To “just be” will require “right effort. To “let go of effort” will take discipline. The eightfold path can be counted upon for its wisdom. The masters never became masters by just “being” without much (right) effort leading up to that. This ease of life will be contrary to how badly we want to strive after things. The question is why are we striving? Usually the striving has a fear base. That is wrong effort and will only lead to more fear. To move beyond that into a state of effortless being will take precision. It will require and lots of practice to “let go of efforts and just be.” It will take a complete and fearless commitment to a type of surrender we may not completely understand. But in our bones we know this road we cling to with all our wrong efforts leads to more trouble for ourselves and others. You will need a lot of discipline to re-train your mind to be in the space of “let go and just be.” That is why a spiritual teacher, satsang and a personal structured practice is so vital unless we are once again deceiving ourselves- which is a great snare in this day and age. Everyone imagining with all the new age slogans being thrown around that they’ve arrived somewhere or have attained something more than they have. By attainment I mean- a level of consciousness that is capable of discriminating where they realistically are in the process and therefore able to move most effectively in a progressive way forward rather than circling in their karmic loops which is typical. It will take a huge heroic (right) effort to become one who truly can “let go and just be.” Purified, sanctified and lightened of the dark tendencies to self destruct in the wrong direction. Tamasic “just being” will take you there. Satwic “just being” takes a level of purity. Purity is only sustained through precision which will require (especially early on) some rajasic energy- which is frictional and creates heat (tapas fire) this happens with discipline fueled by right effort (among other things- like a teacher, satsang and daily practice)
So when I say it’s tricky to simply say “Let go of all your efforts and just be.” It’s true.
A person whose striving and ambitious will feel much different hearing that then one who lies around kicking back all day. This is the reason for the eightfold path. Relax and realize there is work to be done. While not pulling too hard, lest we make the knots harder to untie…
The reason why I gave the practice that I did a couple days ago on this blog is because I want to help and inspire- is because my only hope from here is that it will draw you closer to your own true nature and you will then eventually realize these truths for yourselves. I only preach what I practice. I can do no more than that. I can only speak of where I’ve been. And even in the midst of these statements, I must remain aware that I myself am limited by my own ignorance. The greatest fall will be when you imagine you have risen to a place you have not. The greatest protection is humility and an open heart/mind. The mind holds tight to its own righteousness only when it is feeling defensive- which has its roots in fear. No one can take from you what truly belongs to you. So an open mind and heart can be very helpful. I am not religious. When I refer to Buddhism it is because I view it as a science rather than a religion and I tune in to its essence not any superficial dogma that may be attached. I also refer to Taoism because of the basic premise of “You are enough, just relax.”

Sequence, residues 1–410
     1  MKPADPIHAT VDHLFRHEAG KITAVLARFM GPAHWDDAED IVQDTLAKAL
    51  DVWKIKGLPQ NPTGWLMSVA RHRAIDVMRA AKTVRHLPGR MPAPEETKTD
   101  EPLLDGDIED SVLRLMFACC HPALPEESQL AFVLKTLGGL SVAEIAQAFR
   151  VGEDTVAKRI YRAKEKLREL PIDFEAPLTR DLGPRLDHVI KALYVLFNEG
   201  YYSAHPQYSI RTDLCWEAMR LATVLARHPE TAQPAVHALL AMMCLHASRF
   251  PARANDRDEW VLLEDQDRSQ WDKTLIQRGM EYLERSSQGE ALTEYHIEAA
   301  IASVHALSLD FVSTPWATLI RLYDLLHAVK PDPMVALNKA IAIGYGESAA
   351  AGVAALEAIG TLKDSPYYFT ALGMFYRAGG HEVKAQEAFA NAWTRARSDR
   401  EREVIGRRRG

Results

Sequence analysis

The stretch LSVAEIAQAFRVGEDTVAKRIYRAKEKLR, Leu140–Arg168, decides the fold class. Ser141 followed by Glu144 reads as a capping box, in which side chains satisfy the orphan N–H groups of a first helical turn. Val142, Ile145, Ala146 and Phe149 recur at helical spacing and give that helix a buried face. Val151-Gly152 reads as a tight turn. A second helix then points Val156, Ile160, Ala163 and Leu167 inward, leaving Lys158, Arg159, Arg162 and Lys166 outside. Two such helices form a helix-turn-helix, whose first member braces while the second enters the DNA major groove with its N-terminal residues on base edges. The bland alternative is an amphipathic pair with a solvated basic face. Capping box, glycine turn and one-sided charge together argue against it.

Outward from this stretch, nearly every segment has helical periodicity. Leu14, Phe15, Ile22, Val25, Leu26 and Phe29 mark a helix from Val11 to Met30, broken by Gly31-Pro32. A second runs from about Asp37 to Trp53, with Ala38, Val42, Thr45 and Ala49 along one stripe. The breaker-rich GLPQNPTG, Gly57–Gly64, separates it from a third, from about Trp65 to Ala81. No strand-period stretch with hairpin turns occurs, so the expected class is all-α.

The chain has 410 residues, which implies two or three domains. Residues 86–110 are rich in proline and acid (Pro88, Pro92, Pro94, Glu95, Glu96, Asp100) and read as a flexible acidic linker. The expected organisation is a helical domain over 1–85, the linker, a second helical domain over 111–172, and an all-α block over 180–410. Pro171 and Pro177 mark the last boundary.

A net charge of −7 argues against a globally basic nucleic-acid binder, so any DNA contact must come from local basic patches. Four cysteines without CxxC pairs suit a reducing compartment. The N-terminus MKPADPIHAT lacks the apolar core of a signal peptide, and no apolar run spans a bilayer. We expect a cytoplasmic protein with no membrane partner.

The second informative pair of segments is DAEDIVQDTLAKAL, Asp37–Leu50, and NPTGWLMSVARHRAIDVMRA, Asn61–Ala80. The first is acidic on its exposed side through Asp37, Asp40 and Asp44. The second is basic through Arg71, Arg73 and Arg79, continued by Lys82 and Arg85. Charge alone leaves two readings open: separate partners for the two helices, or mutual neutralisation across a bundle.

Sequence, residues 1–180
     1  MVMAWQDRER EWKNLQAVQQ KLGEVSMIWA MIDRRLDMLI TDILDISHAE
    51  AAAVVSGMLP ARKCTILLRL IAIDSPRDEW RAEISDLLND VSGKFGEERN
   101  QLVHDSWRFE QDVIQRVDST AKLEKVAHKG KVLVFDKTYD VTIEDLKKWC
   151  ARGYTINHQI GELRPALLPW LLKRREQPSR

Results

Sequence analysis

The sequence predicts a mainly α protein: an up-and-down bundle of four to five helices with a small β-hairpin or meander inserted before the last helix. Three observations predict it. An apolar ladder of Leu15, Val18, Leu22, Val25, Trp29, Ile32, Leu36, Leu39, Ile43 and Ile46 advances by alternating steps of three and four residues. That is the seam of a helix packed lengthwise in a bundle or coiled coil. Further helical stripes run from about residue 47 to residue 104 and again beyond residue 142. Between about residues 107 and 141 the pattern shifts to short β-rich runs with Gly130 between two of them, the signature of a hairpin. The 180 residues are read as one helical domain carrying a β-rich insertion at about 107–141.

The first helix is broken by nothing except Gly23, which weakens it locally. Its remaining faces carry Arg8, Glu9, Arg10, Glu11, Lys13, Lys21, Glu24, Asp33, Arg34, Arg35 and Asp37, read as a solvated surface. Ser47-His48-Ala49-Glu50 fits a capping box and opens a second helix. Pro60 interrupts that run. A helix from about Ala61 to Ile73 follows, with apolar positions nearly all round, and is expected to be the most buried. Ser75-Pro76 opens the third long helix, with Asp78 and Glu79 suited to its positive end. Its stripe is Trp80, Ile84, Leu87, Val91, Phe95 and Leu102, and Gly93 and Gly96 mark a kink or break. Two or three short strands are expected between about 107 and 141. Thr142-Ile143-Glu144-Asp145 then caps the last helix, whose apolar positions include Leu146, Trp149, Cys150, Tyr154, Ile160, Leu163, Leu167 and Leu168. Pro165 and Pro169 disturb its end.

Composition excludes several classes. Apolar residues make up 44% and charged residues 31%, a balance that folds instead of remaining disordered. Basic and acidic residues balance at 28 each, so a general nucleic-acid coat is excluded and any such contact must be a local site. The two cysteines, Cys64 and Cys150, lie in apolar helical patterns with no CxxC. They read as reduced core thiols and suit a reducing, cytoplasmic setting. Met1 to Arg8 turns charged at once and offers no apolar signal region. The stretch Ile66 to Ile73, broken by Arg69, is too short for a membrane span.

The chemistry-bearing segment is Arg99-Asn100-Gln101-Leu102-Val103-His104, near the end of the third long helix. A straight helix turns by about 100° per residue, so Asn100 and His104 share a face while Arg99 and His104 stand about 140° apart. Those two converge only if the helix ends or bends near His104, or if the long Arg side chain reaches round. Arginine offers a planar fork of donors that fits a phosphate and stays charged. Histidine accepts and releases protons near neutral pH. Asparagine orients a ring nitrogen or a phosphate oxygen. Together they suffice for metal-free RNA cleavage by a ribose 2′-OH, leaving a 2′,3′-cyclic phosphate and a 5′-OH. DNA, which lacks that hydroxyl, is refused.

“The Eightfold Path consists of eight practices: right view, right resolve, right speech, right conduct, right livelihood, right effort, right mindfulness, and right samadhi (‘meditative absorption or union’). These practices started with understanding that the body-mind works in a corrupted way (right view), followed by entering the Buddhist path of self-observance, self-restraint, and cultivating kindness and compassion; and culminating in samadhi, which re-inforces these practices for the development of the body-mind.”
“You might think Right Effort means practicing hard, but that’s not necessarily so. Do not forget the Middle Way, between extremes. Don’t force yourself to endure extreme aesthetic practices or push yourself to exhaustion. If your practice becomes a “chore,” that’s a problem. Zen teacher Thich Nhat Hanh says, “The Fourfold Right Diligence is nourished by joy and interest. If your practice does not bring you joy, you are not practicing correctly.”
The Buddha taught that practice should be like a well-tuned string instrument. If the strings are too loose, they won’t play a sound. If they are too tight, they will break. Practice should be nourishing, not draining.”
“When you think of Right Effort also think of the Five Hindrances. These are:
Sloth, torpor, or drowsiness
Restlessness and worry
Uncertainty or skepticism
These are five qualities that interfere with Right Effort. The Buddha taught that mindfulness of breath, body sensations, feelings, and thoughts will overcome the hindrances.” (That is the practice I gave.)
You also need exercise. Sedentary is bad for the body flow and will keep you stuck in your head totally disconnected from the reality of your body. It’s like the temple needs the windows open every morning for some fresh air. If you don’t know this or feel this, you are disconnected. Please exercise daily for an hour and apply adequate effort so your body feels alive.
The basics of proper diet, adequate sleep and enough exercise cannot be stressed enough.